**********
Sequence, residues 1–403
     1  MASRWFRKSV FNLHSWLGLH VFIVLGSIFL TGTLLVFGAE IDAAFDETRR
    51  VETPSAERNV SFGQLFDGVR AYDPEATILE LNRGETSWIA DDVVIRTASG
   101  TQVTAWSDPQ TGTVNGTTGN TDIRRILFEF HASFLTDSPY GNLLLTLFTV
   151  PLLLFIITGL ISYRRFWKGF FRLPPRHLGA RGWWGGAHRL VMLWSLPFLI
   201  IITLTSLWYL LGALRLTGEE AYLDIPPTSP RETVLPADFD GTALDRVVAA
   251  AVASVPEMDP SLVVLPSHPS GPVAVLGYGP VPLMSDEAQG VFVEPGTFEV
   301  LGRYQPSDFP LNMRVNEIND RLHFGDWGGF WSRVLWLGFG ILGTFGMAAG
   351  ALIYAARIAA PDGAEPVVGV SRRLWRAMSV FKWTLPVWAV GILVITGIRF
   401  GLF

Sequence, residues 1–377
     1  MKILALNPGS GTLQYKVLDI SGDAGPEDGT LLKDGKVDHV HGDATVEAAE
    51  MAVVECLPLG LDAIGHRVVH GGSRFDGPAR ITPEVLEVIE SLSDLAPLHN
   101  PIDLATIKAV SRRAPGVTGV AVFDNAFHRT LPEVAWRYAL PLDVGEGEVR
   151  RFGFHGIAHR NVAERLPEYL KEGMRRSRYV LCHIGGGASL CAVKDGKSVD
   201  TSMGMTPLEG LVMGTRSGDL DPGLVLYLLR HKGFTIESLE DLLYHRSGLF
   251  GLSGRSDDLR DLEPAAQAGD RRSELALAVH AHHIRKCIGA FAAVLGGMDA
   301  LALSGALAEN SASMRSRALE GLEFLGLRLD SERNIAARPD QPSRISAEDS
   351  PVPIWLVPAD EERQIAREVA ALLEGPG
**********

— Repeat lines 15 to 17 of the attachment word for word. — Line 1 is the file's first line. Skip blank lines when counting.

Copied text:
   151  RFGFHGIAHR NVAERLPEYL KEGMRRSRYV LCHIGGGASL CAVKDGKSVD
   201  TSMGMTPLEG LVMGTRSGDL DPGLVLYLLR HKGFTIESLE DLLYHRSGLF
   251  GLSGRSDDLR DLEPAAQAGD RRSELALAVH AHHIRKCIGA FAAVLGGMDA